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Tuesday, July 18, 1944

Tuesday, July 18, 1944

The days that marked the Battle of Normandy

On July 18, General Montgomery begins operation Goodwood, which aims to liberate the eastern; souwestern and southeastern area of ​​Caen from positions captured on D-Day by the 6th British Airborne Division between the Orne river and the village of Troarn. The 8th Corps, commanded by General O’Connor, launches three armored divisions in the attack east of Caen towards the town of Falaise: the 7th, the 11th, and the Armored guards divisions. The offensive began with a terrible bombardment of three hours: 2,500 bombers released nearly 6,000 tons of bombs, while artillery (both naval and ground) fired nearly 250,000 shells targeted in a vast area between the eastern part of Caen and the village of Troarn, a corridor about 14 miles long and fourteen kilometers wide.

The fighting southwest of Caen in the vicinity of Louvigny is fierce between the Canadians and the 12th and 21st S.S. Panzer divisions attached to the Panzergruppe west commanded by Eberbach. This small village, lost the day before by the Allies, was taken again on 18 July in a vast attack carried out by the Royal Regiment of Canada, supported by field and naval artillery.
The 2nd Northamptonshire Yeomanry, supported by the tanks of the 29th Brigade belonging to the 11th British Armored Division, advance in turn towards the villages of Cuverville, Giberville and Demouville, severely bombed on the morning of July 18 and defended by the 16th Luftwaffe Feld Division, which retreated shortly after the bombing, abandoning the village of Cuverville to the Allied troops and positioning itself to the southwest of the locality of Saint-Pair.
The 3rd Royal Tank Regiment liberates the villages of Touffréville and Sannerville, located south of the locality of Herouvillette-Escoville, itself liberated in the early hours of operation Goodwood.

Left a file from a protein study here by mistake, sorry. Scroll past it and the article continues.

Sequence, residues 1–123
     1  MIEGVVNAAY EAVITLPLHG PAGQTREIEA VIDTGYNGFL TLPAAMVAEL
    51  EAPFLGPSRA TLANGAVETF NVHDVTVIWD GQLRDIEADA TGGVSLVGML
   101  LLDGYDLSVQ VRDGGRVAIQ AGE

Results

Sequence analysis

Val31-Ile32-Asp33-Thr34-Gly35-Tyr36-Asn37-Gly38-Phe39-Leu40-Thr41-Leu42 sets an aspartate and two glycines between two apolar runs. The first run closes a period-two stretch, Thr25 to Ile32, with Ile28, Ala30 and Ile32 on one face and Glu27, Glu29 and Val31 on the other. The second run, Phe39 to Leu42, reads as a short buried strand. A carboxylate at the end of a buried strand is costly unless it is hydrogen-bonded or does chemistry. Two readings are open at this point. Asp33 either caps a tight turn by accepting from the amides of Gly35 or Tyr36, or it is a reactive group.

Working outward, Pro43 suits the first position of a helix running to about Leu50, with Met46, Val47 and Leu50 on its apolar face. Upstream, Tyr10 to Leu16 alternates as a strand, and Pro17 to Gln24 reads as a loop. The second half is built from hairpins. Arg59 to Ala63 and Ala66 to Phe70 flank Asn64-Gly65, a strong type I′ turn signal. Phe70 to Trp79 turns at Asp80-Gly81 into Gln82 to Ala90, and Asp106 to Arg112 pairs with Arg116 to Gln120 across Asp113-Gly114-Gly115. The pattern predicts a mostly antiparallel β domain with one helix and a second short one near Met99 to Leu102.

The first line of German defense is depressed, and the Anglo-Canadians advance for nearly 6 kilometers in the direction of Cagny.

Major von Luck, commander of the 21st Panzer Division, is aware of the weak resistance of the British tanks against the German 88mm guns of the Tiger and Panther tanks. It then regroups five of its artillery pieces and a Tiger tank on the height of the village of Cagny, which becomes a stronghold of the German resistance southwest of Caen: nearly sixteen English tanks are destroyed in a few minutes and the progression is greatly slowed. The German tanks opposed the English tanks and one of the most important tank battle of the whole battle of Normandy takes place north of Cagny, and the German forces have the advantage.

But the British did not give up the fight: the armored division of the Irish Guard attacked Cagny while the 5th brigade of the Guards armored division was heading towards the Emiéville and Guillerville villages, east of Cagny. But once again, the German Tiger tanks of the 503 Armored Battalion showed their superiority and repelled the British attack. The Irish Guards still managed to break through the German defenses because of their numerical superiority and the bombardment of the British artillery, and they liberated the village of Cagny, after having silenced the artillery positions defended by the men of the 21st SS Panzer Division.

At the end of the day, the British lost 1,500 soldiers 270 tanks. The whole plain to the south-east of Caen is finally liberated. The city of Caen itself is fully liberated, more than a month after the date scheduled by the Allies.

On the American front, soldiers penetrated for the first time into the ruins of Saint-Lô. They are the men of the 29th Infantry Division, gathered in a force called Task Force Cota (named after the 29th Division commander), who take the road that leads to Saint-Lô from Lison, the crossroads of Couvains. The advance of the infantry and American vehicles was made difficult by the action of the German artillery, positioned south of Saint-Lô. Throughout their advance, mortars target groups of soldiers who are trying to make their way through the ruins of the city, severely hit by bombardments for a week.

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